Given the info in this post at The Urbanophile, I sure hope we do!
The author is specifically talking about Buffalo, New York, but this is an issue that most cities of any substantial size have to wrestle with all of the time. I can’t count all of the times I’ve heard people complain about parking in downtown Richmond — and I know that I have at certain times/events.
Here’s an excerpt that I felt summed up the key point of the post to me:
Downtown can never compete with suburban office parks on the basis of convenient and affordable parking. To compete successfully on that basis would mean the destruction of all of downtown’s remaining (and emerging) value.
By definition, downtown can never out-compete the suburbs on suburban, automobile-based terms. By necessity, parking takes up a tremendous amount of land, creating lots of dead, open space, which the suburbs have plenty of. In fact, that’s the suburbs’ main asset: lots of open space. A city’s main amenity is not open land, but density, walkability, a diverse mix of uses, and the quality of the streets and other public spaces. These are the areas in which the suburbs cannot out-compete downtown.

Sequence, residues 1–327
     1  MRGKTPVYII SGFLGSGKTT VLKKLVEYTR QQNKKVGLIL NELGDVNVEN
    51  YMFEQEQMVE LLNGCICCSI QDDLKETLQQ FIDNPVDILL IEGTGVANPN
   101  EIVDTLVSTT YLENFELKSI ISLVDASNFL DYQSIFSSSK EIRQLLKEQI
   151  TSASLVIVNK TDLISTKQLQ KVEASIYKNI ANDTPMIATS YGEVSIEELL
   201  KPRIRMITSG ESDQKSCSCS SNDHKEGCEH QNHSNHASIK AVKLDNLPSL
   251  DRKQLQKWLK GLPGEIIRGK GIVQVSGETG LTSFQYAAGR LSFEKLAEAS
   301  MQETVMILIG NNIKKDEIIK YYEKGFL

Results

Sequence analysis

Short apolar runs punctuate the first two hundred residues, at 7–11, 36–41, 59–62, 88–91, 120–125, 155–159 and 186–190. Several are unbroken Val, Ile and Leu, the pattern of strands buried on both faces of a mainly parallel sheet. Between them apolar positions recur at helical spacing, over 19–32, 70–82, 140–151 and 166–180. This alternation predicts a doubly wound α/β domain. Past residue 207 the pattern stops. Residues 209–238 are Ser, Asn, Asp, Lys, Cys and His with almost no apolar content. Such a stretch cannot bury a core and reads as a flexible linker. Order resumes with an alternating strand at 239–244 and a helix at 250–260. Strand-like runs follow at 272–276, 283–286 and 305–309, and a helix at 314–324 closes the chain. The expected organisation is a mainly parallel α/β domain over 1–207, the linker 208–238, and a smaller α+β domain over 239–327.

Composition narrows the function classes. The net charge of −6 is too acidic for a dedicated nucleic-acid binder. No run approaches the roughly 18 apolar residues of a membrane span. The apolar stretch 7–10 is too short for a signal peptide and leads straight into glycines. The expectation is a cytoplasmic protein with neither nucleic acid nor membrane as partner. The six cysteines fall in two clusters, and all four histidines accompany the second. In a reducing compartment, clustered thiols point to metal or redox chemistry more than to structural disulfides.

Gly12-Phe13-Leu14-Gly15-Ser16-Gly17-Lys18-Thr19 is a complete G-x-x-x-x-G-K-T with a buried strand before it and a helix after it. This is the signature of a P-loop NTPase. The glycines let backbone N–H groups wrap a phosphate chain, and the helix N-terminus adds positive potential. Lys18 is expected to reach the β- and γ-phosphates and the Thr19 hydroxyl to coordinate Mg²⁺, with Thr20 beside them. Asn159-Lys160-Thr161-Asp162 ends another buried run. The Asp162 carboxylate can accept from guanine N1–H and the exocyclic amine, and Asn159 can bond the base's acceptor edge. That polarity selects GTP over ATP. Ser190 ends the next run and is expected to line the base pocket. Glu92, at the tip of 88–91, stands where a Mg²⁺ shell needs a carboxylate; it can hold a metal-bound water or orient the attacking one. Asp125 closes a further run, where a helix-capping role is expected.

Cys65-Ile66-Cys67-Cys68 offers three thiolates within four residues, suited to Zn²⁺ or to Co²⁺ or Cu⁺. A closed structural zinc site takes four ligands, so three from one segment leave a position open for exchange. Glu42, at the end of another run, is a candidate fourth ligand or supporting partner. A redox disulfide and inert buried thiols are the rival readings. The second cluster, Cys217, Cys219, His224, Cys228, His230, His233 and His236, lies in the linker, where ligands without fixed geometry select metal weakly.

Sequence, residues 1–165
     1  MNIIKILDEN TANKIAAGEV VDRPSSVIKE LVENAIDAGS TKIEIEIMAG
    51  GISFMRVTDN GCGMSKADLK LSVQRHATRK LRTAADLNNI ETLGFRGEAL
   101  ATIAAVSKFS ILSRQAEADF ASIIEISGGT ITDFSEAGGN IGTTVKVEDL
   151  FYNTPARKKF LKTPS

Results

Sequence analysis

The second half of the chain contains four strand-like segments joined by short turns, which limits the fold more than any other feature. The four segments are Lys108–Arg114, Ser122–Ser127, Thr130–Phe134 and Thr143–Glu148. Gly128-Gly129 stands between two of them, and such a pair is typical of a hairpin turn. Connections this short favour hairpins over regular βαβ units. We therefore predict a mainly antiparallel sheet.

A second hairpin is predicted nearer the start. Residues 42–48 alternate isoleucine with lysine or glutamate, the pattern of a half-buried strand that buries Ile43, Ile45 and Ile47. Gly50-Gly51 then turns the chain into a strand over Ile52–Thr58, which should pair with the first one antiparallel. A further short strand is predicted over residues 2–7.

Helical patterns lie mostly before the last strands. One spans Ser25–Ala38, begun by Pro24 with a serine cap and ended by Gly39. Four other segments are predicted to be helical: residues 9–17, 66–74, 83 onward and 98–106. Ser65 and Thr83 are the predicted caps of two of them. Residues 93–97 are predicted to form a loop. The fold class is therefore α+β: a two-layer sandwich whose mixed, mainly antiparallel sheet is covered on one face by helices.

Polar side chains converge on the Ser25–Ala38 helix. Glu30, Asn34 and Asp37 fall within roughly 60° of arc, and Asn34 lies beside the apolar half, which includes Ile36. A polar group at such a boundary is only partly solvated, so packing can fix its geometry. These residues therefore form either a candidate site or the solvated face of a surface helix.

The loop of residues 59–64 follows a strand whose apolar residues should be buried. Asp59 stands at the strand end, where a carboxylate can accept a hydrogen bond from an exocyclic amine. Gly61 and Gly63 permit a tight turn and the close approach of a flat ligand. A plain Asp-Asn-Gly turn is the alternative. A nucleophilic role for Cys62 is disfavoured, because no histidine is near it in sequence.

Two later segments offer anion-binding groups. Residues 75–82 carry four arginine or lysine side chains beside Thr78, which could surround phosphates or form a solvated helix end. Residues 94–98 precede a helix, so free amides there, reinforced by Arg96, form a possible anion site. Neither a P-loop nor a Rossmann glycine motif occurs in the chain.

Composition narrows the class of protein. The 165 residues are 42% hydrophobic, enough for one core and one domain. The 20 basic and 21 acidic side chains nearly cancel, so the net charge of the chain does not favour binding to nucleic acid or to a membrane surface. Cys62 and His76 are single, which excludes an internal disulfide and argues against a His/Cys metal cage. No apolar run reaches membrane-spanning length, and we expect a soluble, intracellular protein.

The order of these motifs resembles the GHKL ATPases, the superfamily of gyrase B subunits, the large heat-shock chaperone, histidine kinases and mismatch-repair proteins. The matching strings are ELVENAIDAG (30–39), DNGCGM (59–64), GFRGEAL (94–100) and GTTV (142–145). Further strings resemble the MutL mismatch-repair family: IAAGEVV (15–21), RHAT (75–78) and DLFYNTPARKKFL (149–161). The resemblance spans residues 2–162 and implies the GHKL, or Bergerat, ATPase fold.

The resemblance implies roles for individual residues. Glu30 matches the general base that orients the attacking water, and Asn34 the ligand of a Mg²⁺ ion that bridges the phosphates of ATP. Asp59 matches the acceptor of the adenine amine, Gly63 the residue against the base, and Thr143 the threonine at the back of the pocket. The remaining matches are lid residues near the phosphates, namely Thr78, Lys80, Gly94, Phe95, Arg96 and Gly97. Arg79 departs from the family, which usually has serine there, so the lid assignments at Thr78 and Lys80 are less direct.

That doesn’t mean that we should ignore parking entirely. Complaints about parking are a symptom, not the actual problem.
Parking will always be an issue if everyone is coming from out of town to visit the downtown. More importantly, we should focus on bringing more businesses and residents downtown — increasing the walkability and decreasing reliance on cars will make parking less of a problem.
But more to the point of the post, downtown isn’t supposed to be a wonderland of surface parking lots. It’s supposed to be a dense area with lots of people and businesses, and events that bring more people from all over. If the downtown is a vibrant place, then people will deal with the parking issues (they will still complain, but they will still come). If you want lots of open parking, go to the suburbs — that’s what they’re good at.
There a good discussion in their comment section, so be sure to check that out while you’re reading through the original post.
Photo credit greeneyedhedgehog